I’ve lived in Italy for 19 months now and still have a hard time writing about Venice. Describing Venice is a hard nut to crack, so to speak. I live 35 minutes, door to door from the Grand Canal and have been more than a dozen times. And every time I go, there’s more to be discovered. Describing it to anyone who hasn’t been there is nearly impossible because it is SUCH a unique city…but I’m going to try. When I was doing a little research of my own about Venice for this post, I realized that I’ve take 887 photos of Venice. It’s not ugly… This statement, right there, should let you know that this post isn’t going to be a short one. So settle in for a bit…
Instead of telling you bits and pieces of each of my trips to Venice (which would be impossible because I can’t begin to differentiate them from one another), I’m going to begin by telling you a short anecdote about my arrival into Venice for the first time. Then I’ll try and let the pictures do the talking.
This is a true story, regardless of how my husband tells you it all went down.
Our first trip to Venice happened on an unusually warm day in March last year. It was a holiday weekend and Steve had Friday off but three of our four kids still had school that day. We looked at the Steve off/Kids in school situation as a total WIN/WIN and decided to head in to brave Venice for the day. You can read about what we did that day HERE.
The important part of the story is that we decided to park our car and take the train from Vicenza into Venice. It wasn’t a fast train, but was instead a Regionale train, which means it made frequent stops at small train stations along the way. The entire train ride took about an hour. I was SO nervous and SO excited at the same time. Keep in mind we were essentially “virgin travelers”—at least I was, and it was the first time I’d ever taken the train anywhere.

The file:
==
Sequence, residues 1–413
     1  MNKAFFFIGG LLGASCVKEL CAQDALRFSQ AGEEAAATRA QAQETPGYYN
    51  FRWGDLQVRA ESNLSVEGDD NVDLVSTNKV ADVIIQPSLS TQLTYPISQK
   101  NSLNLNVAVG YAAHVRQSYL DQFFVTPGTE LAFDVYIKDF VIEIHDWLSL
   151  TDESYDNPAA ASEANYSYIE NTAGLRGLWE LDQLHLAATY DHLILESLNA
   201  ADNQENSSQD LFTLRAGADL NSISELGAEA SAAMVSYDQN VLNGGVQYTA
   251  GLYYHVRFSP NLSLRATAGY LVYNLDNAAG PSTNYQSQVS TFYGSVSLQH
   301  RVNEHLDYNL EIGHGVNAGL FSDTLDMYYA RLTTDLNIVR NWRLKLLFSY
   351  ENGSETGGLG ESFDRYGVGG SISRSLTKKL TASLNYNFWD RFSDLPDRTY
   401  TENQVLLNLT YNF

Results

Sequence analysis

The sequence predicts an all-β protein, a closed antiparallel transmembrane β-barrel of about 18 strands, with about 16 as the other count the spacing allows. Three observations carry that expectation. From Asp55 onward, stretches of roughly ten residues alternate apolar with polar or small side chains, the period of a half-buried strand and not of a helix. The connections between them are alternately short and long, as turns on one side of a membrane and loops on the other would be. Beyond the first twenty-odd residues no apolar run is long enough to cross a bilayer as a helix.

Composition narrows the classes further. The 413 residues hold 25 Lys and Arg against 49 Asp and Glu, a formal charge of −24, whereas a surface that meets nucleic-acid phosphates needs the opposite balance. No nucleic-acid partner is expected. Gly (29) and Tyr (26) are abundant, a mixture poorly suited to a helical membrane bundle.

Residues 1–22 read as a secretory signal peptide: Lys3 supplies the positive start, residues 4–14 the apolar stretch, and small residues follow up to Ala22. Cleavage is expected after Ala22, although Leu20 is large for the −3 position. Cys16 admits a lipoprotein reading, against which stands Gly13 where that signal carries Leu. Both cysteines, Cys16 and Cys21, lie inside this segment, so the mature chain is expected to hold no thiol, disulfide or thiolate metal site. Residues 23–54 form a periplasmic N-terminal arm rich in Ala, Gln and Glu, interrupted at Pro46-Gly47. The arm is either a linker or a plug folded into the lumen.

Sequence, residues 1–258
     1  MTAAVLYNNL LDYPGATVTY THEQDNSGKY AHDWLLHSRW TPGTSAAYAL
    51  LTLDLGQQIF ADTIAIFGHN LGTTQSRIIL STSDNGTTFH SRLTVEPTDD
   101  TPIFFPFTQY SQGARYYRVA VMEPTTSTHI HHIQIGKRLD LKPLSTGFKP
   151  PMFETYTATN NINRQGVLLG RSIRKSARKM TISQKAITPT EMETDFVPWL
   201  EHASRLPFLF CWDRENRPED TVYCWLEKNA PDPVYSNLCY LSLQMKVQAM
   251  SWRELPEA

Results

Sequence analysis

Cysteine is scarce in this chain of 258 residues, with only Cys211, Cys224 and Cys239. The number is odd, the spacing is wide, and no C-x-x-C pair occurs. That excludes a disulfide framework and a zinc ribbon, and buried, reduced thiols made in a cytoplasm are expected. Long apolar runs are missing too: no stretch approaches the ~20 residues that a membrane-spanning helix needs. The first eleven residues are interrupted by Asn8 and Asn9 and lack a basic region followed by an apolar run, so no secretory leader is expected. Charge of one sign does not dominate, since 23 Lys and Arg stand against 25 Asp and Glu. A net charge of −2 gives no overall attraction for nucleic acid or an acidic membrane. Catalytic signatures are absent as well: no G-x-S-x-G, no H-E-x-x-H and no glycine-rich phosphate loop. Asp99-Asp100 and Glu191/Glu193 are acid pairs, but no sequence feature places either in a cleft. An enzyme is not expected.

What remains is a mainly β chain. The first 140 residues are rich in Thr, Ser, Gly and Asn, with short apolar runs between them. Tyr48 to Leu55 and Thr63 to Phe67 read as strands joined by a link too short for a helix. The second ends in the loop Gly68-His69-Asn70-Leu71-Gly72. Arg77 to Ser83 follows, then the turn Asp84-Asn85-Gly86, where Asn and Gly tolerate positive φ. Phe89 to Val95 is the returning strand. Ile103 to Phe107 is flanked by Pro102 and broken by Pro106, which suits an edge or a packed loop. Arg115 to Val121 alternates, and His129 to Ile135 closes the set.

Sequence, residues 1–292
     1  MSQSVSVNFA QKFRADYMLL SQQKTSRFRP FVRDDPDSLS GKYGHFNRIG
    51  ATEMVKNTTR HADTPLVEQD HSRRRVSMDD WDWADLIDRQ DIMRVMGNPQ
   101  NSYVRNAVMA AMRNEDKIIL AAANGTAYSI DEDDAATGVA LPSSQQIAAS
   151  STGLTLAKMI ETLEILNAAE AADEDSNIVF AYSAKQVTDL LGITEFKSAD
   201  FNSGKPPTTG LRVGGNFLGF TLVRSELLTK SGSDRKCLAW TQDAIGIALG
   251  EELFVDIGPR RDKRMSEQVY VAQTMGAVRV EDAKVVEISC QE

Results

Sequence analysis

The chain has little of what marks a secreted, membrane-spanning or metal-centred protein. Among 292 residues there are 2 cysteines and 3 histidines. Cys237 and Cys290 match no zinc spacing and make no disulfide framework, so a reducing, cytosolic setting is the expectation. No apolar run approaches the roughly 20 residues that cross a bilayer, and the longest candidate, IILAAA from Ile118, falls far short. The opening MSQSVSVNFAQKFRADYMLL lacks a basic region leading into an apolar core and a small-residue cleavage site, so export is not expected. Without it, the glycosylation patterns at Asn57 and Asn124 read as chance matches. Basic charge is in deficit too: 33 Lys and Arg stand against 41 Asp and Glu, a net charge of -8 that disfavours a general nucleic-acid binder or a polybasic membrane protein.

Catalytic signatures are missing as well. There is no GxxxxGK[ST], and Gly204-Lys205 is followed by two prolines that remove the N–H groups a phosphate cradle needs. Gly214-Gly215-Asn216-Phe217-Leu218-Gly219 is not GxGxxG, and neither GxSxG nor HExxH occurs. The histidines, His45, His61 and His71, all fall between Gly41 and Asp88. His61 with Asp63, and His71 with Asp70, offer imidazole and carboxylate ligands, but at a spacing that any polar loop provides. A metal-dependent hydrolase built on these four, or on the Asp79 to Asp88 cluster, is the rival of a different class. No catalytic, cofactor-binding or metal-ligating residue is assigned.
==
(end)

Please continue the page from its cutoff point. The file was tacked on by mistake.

We left in the early morning and the train was pretty packed with locals. At each of the stops, Steve and I would get up and look out the window to see if it was our stop. Up and down, up and down. I don’t know what we were thinking…I guess I expected the name “Venice” on a big sign at the train station, but keep in mind, “Venice” is the American word for the city. Venezia is the actual name of the city, and I probably would have figured it out if ‘”Venezia” had been on the sign at the station. But guess what, it wasn’t…the train station in Venice is actually called “St. Lucia”.
So, you’ll understand why, when our train pulled up into the St. Lucia station, we didn’t get off.
For 10 minutes…
Even though everyone else did.
And, if you take a look at a map on Italy, Venice is kind of the end of the line as far as the train line goes…
(Us, not them)
(This is the part where Steve will lie and tell you he knew exactly where we were)
Finally, we decided THIS MUST BE IT and we GOT OFF THE TRAIN.
I will still a little skeptical, I’ll admit. I was SURE we were LOST, so I walked up to this older Italian train worker gentleman and I asked him,
“Venice?” “Dove’ Grand Canal”?
And he turned around, and I swear to God, he was SANTA CLAUS. I’m NOT making this up. He was.
He was dressed in the train workers uniform with his blue slacks and blue sweater and the little tie and everything. He even had the pocket watch on the long chain. Seriously. But I swear, he was Santa. He had the long beard, the belly, pink nose and cheeks. It was him. I wasn’t really blogging much back then, because if I had been, I totally would have taken his picture so that I could blog about how Santa Claus gave me directions at the train station…kind of like I'm doing now, except with photographic proof...
When I asked him if this was Venice and where was the Grand Canal, he got this HUGE (Santa Claus) smile on his jolly old face and he swiveled around and bent his knees a little bit and pointed through the train station and whispered, in perfect English, “It is! It’s RIGHT THROUGH THERE!”
Santa Train Man was SO excited to share it with me. And I got so excited.
It was RIGHT THROUGH THERE.
We hurried up and walked straight through the train station (at that time, it was only about 50 steps because it was being renovated) and when we opened the door, this is what we saw:
That feeling that I had was impossible to describe. It was just, VENICE.
So if you’ve even wondered what Santa does in the off-season, now you know. He goes to Venice. And works at the train station…the St. Lucia station. In Venice. Venezia, actualy. And he loves it, too.
Now prepare yourself for some completely random but favorite photos that I’ve taken in Venice. But be prepared: I STILL have to tell you about the Doge’s Palace, St. Mark’s Square, our rides on gondolas, etc, etc,….
But not today.
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